People may have heard many times about semantic interoperability, but the concept often remains unclear. Without semantic interoperability, sharing data among disparate healthcare IT systems in a useful way is impossible. We thus speak about the ability of a healthcare system to share information and have that information properly interpreted by the receiving system in the same sense as intended by the transmitting system.
Why is semantic interoperability back on the agenda?
Aside from cross-border care, the recent focus on Machine Learning (ML), Artificial Intelligence (AI) and the European Health Data Space (EHDS) is bringing new impetus to this strategic element of semantic interoperability. The COVID-19 pandemic has also massively contributed to put semantic interoperability higher on the eHealth agenda. During the pandemic, data needed indeed to flow quickly from the point of care to epidemiologists and needed to be analysed on the go. Public safety and the capacity to adapt quickly to the evolution of the virus’s variants was everywhere a priority. Value-based medicine also requires putting the patient at the centre. Here again, semantic interoperability can play a key role by making medical terms both accessible and understandable to non-specialists.
What challenges need to be resolved now?
Data structuring and coding is now becoming essential, but many countries and organisations are still ill equipped to handle it (they have a dire lack of national infostructure, in particular since tools and a majority of products are reliant on proprietary codes). For clinicians, this usually means extra work for which they are not trained or motivated. We therefore need to solve the difficult equation of having data coded with the lowest possible investment from the clinicians while still allowing them to express all the nuances needed. With the patient now very much at the centre, semantic transformation could also take place under citizen control provided that a number of conditions and precautions are met.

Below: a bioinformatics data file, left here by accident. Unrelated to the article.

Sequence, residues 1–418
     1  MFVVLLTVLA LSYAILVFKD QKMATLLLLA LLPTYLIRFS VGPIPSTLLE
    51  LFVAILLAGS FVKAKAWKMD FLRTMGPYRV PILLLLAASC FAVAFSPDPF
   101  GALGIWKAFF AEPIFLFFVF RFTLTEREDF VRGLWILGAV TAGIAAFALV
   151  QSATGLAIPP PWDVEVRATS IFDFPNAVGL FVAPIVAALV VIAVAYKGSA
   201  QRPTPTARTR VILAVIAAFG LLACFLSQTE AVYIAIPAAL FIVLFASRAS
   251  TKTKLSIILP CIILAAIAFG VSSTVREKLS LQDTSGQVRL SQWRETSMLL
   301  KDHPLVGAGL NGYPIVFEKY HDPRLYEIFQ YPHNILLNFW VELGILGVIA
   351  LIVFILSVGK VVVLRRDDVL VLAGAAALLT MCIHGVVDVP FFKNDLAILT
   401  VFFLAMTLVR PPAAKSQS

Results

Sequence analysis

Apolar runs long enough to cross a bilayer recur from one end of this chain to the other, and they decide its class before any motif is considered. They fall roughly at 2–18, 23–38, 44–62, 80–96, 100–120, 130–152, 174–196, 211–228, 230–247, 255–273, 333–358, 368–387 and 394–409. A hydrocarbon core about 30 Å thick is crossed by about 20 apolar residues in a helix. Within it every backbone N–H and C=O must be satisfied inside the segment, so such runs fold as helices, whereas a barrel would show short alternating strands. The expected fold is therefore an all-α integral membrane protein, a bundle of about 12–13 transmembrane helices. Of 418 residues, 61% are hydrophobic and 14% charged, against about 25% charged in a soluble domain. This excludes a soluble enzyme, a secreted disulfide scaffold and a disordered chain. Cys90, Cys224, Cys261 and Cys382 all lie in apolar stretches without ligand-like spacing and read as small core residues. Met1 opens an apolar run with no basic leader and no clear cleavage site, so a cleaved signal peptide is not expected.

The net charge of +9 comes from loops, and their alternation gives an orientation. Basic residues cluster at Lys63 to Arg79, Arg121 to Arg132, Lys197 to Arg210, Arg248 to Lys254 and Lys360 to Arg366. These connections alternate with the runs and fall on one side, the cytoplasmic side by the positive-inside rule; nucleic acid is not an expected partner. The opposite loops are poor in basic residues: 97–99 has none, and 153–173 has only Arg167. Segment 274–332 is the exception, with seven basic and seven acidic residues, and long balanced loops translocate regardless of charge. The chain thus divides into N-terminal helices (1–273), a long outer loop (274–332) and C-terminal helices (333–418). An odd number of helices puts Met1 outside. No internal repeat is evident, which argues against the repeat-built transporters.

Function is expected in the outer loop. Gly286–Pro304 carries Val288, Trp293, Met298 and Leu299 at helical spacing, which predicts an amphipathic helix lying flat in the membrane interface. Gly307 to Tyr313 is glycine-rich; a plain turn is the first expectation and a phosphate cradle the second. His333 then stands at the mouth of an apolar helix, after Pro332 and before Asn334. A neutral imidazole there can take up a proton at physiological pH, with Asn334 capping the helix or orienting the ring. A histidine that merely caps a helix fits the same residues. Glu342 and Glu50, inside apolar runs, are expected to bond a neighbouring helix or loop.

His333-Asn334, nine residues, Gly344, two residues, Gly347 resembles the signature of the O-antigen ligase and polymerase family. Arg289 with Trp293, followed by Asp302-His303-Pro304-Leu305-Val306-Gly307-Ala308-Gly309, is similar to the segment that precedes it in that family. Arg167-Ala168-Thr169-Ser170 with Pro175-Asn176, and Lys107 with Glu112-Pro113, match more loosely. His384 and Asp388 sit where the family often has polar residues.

In this EHTEL webinar, which is developed in collaboration with the InteropEHRate and OPEN DEI projects, we will explore what needs to be developed to support a larger number of use cases.
- What is the role of national competent authorities?
- What are the best practices and what are the main services which would need to be provided by national authorities?
- In the absence of a pro-active national dedicated strategy, are there resources and tools available for developers and users which can easily be used and can support major use cases?
- Are the two tools – Natural Language Processing and Extract-Transform-Load (ETL) – now sufficiently mature to help make significant progress?
- What role will be eventually anticipated from patients?
Semantic interoperability is a must for cross border care
Konstantin Hypponen, EU Commission - DG Health and Food Safety (SANTE)
What has been done at European level (Myhealth@EU) to allow data to travel across countries? What is required from end-users (and possibly local electronic health record industry) and to validate a patient summary? What are the main evolutions expected?
The role of national public authorities
Chantal Schiltmeijer, NICTIZ
Doing what with whom? For which purposes? For what aspects is public investment absolutely needed? What kind of governance needs to be put in place? What is the role of a national terminology server?
The IEHR semantic tools: A solution available to all? Under which conditions?
Gabor Bella, IEHR project, University of Trento
- Do you believe healthcare organisations are now sufficiently conscious of the importance of semantic interoperability?
- Is the public investment in your country sufficient?
- For whom do you believe that the IEHR tools can provide added value?
- Can the individual patient become the validator of medical data?
- Benny Van Bruwaene (BT Computing – Belgium)
- Vincent Keunen (Andaman7- Belgium)
- Aleksandar Gluščević (Health Centre Zagreb, Croatia)- TBC
- Samuel Danhardt (Agency eHealth – Luxemburg)
Closing of webinar